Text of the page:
Do you always crack your eggs in a separate bowl before transferring them to the mixing bowl? I do. It was one of my grandma’s golden rules of baking to avoid a) small egg shell pieces in the batter and b) the worst case: a hastily cracked open but rotten egg in the batter, spoiling all the other ingredients. Because I tend to crack open my eggs snappily – still working on my skills to master the neat one-hand-crack – this precaution is an indispensable one for me. Over the years I have asked myself and in light of ever improving quality assurance, whether the latter reason for using a separate bowl still applied. And I have never, really not ever, cracked open a rotten egg. What are the odds it’s going to happen these days? Or have I been extremely lucky to not face such a nasty and disgusting experience yet?
Presumably. Yesterday my lucky egg phase came to an end with a loud bang. Add a scream to that. I was preparing food for our annual house party, just in the middle of mixing together all the ingredients for a Tiropita (savoury Greek pastry) filling, when I reached for the last egg sitting on my fridge’s separate egg shelf – an unloved white one, however, fresh and free-range I might add. Because of my snappy egg cracking technique I clearly favor brown eggs, which are not only prettier to me, but more forgiving if handled with an extra momentum – more than once I smashed white eggs while trying to open them. Cautiously, I knocked the pale egg against the little porcelain bowl, too cautiously, as it only showed a small crack, no hole. Automatically I started poking my fingernails into the crack and felt the egg shell collapsing. My thumbs sunk deep into the newly created hole and vanished into a slimy blueish-brown liquid! WHOOOOOA. An extreme sight that was sooo unexpected, I started screaming as if an army of spiders had just crossed my fingers! Expecting the worst, Oliver came running, expecting some sort of bloody crime scene, but spun on his heel as his nose caught the most awful stench of all: ROTTEN EGGS.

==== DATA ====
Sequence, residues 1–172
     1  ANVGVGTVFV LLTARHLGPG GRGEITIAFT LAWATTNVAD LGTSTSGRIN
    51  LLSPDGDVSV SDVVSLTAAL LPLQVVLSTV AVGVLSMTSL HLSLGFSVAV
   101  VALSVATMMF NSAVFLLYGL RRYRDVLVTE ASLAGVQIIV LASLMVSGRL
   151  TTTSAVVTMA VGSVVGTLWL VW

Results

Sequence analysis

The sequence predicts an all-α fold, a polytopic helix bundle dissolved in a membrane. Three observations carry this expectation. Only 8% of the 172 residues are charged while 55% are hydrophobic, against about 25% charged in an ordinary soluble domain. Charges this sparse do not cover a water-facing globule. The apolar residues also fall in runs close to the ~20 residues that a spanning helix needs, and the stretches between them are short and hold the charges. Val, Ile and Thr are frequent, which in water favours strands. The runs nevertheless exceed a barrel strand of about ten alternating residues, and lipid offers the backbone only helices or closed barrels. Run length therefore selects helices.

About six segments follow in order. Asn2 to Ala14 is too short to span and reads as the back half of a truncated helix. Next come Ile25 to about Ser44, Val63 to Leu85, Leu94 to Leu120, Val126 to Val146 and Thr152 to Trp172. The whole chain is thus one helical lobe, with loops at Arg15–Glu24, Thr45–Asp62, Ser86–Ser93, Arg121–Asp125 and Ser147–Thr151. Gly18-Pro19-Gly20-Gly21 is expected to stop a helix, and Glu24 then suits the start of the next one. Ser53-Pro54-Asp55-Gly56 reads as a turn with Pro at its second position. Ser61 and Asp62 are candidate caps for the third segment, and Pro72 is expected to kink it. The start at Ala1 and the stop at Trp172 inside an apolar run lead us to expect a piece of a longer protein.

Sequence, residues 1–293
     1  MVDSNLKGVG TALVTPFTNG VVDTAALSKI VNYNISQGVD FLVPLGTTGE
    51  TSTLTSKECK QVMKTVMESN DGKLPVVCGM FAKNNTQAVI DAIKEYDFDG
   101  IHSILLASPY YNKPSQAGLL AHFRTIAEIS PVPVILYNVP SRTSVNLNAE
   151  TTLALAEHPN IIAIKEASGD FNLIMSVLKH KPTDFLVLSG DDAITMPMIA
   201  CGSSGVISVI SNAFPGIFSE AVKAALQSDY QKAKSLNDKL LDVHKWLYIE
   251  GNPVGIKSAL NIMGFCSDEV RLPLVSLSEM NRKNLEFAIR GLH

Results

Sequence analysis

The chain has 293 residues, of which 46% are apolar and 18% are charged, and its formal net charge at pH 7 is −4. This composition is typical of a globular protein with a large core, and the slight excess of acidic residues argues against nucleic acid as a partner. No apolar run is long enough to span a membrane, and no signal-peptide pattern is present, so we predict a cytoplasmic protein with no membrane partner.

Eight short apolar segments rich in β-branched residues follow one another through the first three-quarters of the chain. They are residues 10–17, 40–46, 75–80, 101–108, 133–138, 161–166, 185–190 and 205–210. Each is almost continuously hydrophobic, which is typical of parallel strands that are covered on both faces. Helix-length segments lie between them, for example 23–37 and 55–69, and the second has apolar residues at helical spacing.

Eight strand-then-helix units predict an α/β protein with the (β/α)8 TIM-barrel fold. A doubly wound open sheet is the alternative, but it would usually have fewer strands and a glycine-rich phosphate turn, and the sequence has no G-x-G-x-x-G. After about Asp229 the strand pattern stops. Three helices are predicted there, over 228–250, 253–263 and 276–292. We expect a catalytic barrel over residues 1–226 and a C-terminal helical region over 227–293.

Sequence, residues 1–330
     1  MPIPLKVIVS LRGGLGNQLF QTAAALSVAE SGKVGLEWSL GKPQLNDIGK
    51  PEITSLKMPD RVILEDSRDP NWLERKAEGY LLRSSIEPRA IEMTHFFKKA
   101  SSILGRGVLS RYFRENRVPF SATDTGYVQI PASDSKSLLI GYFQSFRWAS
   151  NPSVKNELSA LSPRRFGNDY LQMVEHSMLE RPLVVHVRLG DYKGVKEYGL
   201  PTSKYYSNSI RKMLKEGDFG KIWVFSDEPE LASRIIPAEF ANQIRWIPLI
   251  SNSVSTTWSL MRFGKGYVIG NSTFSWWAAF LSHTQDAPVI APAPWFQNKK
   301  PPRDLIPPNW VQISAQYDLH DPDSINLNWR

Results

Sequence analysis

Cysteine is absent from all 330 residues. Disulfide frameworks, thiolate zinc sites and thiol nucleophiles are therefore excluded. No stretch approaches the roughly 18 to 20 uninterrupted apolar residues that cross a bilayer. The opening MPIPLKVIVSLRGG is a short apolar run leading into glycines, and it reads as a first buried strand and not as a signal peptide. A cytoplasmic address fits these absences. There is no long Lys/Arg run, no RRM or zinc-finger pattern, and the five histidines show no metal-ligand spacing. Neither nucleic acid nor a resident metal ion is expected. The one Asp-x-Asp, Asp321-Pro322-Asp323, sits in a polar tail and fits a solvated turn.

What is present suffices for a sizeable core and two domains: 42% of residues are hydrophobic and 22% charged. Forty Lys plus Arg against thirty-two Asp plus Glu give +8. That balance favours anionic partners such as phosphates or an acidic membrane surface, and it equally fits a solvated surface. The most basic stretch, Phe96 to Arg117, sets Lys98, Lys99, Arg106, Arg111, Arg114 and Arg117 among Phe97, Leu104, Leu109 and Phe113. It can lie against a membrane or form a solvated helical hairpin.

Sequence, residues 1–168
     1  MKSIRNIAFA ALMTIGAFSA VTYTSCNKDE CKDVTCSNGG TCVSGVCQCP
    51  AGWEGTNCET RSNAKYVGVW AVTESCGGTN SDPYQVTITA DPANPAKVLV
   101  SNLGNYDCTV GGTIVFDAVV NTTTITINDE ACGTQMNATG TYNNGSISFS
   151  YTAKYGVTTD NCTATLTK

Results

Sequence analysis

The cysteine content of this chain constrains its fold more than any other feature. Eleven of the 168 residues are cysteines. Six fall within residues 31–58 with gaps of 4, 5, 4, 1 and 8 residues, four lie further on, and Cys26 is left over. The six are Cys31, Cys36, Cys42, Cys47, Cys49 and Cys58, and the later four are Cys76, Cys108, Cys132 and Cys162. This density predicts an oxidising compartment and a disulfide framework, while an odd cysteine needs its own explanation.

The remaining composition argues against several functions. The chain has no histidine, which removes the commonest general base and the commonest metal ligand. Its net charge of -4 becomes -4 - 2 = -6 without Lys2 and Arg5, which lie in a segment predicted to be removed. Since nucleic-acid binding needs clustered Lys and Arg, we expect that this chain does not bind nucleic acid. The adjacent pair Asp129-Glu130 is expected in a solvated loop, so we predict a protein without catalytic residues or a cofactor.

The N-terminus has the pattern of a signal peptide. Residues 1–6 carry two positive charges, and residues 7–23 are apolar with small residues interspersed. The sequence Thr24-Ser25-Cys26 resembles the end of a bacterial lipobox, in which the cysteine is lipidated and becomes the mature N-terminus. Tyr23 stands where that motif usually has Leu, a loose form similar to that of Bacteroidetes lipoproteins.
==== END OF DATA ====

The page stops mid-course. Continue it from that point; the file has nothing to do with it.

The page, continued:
This, by far, has to be my most disgusting kitchen experience ever, the smell even beats slicing a thick worm hidden in a wild mushroom, which had happened someday last year. Not only the sight gave me shivers, but the stench! Yuck! I didn’t dare to breath and at the speed of light I jockeyed the egg’s remains into the waste bin, brushed off my fingers under hot water and immediately disposed the waste bag outside. That didn’t help much, the sulfurous rotten egg smell was still floating around in my kitchen…
This whole scenario must have brought bad kitchen karma for the day, the Tiropita didn’t work out as planned. While the filling was tasty and easy to work with, the phyllo dough acted up. I used plenty of melted butter to make it smooth, but when I – really carefully – tried to bend the long rolls into the desired snail shapes, the dough cracked open in several places and made a mess. After all, I tossed the Tiropita plans after the first tray on which I had tried different shapes. The rest of the filling gladly served as part of mini veggie tarts. But I won’t give up so easily – any tips and tricks a Tiropita or Spanokopita pro would like to share?